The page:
Pneumonia is a disease that involves the inflammation of the alveoli – the air sacs in the lungs where oxygen and carbon dioxide are exchanged. As a result of this, fluid or pus can accumulate in the alveoli, making it difficult to breathe and limiting the intake of oxygen. It can lead to serious complications and even death.
We debunk five common myths so that you stay in the know…
Myth 1: Pneumonia isn't really a serious disease.
Pneumonia is the single largest infectious cause of death in children worldwide, according to the World Health Organisation. It accounts for 15 percent of all deaths of children under the age of five, and it killed an estimated 935 000 children in 2013.
Contrary to popular belief, it's not just a really bad version of a cold. Although pneumonia can be quite easily treated, Dr Rosie Carey, a Durban-based general practitioner, points out that you can die if you do not seek the necessary treatment.
Myth 2: You can always treat pneumonia with antibiotics.
According to Dr Carey, treatment depends entirely on the cause of the pneumonia. "Only bacterial pneumonia can be treated with antibiotics," explains Dr Carey. "You can also get a viral pneumonia and the other, rarer pneumonias such as fungal pneumonia." These will need other treatements such as antiviral medication.
Pneumonia can even be caused by harmful chemicals or a trauma such as a car accident. The most common causes of pneumonia are streptococcus pneumoniae, Haemophilus influenzae type b (Hib) and respiratory syncytial virus. South Africa routinely vaccinates against Hib, pertussis (which sometimes results in pneumonia), and pneumococcal disease.
Myth 3: A diagnosis of "double pneumonia" automatically means it's more severe.
The words “single” and “double” before the word pneumonia doesn't refer to severity as such, but rather location. "Double pneumonia means two lobes are involved and single pneumonia means one lobe is involved," explains Dr Carey. "Usually it is more serious if two lobes are involved, but there are multiple other factors that play a role."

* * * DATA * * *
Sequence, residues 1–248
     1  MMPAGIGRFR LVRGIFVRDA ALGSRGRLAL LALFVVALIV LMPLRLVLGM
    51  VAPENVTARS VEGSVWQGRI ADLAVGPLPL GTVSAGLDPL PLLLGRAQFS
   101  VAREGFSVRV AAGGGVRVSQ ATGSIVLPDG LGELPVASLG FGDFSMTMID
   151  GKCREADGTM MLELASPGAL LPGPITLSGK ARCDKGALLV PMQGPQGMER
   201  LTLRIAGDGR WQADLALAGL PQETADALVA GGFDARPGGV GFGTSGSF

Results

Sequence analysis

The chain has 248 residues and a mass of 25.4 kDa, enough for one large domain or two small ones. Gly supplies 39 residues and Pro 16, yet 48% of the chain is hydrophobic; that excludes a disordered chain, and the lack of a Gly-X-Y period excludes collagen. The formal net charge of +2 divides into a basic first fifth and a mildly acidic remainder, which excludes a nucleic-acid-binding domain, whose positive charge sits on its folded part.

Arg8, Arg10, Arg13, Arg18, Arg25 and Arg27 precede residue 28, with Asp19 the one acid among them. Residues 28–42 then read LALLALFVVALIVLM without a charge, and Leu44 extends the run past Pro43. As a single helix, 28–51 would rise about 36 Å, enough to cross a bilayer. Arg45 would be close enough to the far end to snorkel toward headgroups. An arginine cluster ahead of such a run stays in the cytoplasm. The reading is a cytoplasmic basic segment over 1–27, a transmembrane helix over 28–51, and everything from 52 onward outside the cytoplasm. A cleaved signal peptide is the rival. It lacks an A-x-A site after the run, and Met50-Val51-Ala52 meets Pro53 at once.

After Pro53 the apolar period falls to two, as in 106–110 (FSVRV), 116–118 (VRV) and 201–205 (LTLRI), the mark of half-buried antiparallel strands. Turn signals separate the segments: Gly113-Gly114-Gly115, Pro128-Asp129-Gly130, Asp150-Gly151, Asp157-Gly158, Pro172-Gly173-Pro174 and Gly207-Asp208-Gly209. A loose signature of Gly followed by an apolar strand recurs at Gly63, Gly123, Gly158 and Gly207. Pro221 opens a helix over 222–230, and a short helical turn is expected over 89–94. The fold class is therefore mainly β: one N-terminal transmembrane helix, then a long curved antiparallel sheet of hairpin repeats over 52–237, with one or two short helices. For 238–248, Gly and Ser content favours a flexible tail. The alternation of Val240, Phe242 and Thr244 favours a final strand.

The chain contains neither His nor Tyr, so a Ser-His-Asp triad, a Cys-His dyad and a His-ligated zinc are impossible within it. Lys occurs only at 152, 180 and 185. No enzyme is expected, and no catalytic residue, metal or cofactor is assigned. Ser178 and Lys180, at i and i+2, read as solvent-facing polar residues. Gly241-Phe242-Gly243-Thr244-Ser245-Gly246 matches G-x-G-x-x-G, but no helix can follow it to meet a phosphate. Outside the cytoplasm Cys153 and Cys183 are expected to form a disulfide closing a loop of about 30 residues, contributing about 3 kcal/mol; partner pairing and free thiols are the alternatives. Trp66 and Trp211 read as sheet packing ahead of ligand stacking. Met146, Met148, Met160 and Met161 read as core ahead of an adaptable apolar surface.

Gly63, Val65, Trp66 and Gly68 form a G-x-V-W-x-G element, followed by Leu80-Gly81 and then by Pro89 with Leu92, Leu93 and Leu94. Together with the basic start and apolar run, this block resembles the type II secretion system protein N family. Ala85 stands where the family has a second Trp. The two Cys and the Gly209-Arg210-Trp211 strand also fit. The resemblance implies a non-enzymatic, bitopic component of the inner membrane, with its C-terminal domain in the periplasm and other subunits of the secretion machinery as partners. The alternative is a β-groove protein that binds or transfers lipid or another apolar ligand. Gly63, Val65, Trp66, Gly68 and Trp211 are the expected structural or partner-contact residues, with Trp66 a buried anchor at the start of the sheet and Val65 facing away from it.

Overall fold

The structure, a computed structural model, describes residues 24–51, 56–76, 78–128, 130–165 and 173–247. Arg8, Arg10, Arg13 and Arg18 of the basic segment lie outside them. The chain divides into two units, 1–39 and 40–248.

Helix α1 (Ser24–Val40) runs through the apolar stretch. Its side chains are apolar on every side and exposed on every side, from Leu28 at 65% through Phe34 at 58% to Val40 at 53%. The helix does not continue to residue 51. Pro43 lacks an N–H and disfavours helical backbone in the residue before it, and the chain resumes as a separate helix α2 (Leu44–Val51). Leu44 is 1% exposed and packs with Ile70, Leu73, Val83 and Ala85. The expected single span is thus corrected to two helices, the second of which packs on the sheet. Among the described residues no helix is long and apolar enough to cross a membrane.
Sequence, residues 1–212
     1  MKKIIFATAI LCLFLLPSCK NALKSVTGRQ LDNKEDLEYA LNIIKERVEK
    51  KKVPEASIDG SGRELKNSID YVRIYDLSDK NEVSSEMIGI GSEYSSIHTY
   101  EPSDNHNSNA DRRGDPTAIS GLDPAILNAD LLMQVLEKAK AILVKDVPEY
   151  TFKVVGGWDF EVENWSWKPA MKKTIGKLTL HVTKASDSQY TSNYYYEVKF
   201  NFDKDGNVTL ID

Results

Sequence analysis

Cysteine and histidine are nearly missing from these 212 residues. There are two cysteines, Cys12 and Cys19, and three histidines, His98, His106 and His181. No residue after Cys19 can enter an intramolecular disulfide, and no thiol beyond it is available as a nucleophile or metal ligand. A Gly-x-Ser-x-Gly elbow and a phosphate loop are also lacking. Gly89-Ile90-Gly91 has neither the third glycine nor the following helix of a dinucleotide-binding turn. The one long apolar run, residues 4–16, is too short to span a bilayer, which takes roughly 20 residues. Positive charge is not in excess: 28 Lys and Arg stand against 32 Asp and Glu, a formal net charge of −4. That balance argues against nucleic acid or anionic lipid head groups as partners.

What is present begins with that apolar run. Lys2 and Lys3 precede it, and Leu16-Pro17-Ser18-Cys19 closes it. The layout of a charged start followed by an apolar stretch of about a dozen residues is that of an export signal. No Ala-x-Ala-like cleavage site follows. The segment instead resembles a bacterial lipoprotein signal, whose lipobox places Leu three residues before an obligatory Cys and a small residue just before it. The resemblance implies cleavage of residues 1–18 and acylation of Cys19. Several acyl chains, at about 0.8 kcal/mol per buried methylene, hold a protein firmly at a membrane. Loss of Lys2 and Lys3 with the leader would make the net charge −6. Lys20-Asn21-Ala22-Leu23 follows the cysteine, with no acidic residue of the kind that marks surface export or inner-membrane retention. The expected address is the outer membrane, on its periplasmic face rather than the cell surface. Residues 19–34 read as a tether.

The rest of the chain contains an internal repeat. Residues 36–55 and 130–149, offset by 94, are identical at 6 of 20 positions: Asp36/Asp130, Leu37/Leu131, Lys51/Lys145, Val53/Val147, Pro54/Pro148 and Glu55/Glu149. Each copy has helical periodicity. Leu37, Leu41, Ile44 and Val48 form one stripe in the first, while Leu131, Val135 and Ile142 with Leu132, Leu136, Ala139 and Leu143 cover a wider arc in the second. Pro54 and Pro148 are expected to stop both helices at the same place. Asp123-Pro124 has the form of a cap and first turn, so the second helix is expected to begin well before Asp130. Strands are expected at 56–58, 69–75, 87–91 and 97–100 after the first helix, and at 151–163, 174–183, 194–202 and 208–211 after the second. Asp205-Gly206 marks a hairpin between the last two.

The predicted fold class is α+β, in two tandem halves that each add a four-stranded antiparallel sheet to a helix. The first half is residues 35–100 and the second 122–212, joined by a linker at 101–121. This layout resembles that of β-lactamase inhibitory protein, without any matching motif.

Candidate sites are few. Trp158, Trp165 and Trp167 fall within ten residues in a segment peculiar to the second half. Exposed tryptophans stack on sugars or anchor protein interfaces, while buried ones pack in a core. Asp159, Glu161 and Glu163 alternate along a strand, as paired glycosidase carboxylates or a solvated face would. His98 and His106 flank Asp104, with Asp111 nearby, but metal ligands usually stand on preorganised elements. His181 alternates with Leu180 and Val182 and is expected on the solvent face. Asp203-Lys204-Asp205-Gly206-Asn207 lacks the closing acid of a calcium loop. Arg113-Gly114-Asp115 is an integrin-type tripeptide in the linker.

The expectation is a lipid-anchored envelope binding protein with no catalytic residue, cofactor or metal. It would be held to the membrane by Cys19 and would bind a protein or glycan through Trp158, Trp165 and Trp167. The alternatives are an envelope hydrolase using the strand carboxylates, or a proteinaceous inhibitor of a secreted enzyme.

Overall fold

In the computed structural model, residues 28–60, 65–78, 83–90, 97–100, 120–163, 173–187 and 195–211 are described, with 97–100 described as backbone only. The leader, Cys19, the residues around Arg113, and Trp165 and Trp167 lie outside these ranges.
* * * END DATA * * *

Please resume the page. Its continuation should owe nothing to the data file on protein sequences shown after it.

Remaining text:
Myth 4: Getting cold and wet will give you pneumonia.
At some point in your life, your mum or granny probably told you to wrap up warmly and stay out of the rain lest you catch pneumonia. Although this theory has no scientific basis, rate of transmission does increase in winter. ,"Pneumonia is more common in winter, not because of the cold, but because people tend to spend more time indoors in poorly ventilated areas," says Dr Carey.
Myth 5: Pneumonia only affects certain groups of people.
Obviously you are more susceptible to pneumonia if you are unhealthy or smoke, says Dr Carey, but anyone can develop pneumonia. However, groups at greater risk include children under the age of five, the elderly, smokers, those with compromised immune systems and those who live in crowded and poorly ventilated homes.
How Clicks Clinics can help you
To book an appointment for a pneumococcal vaccine at your nearest Clicks Clinics, call 0860 254 257 or visit Clicks Clinics online.
IMAGE CREDIT: 123rf.com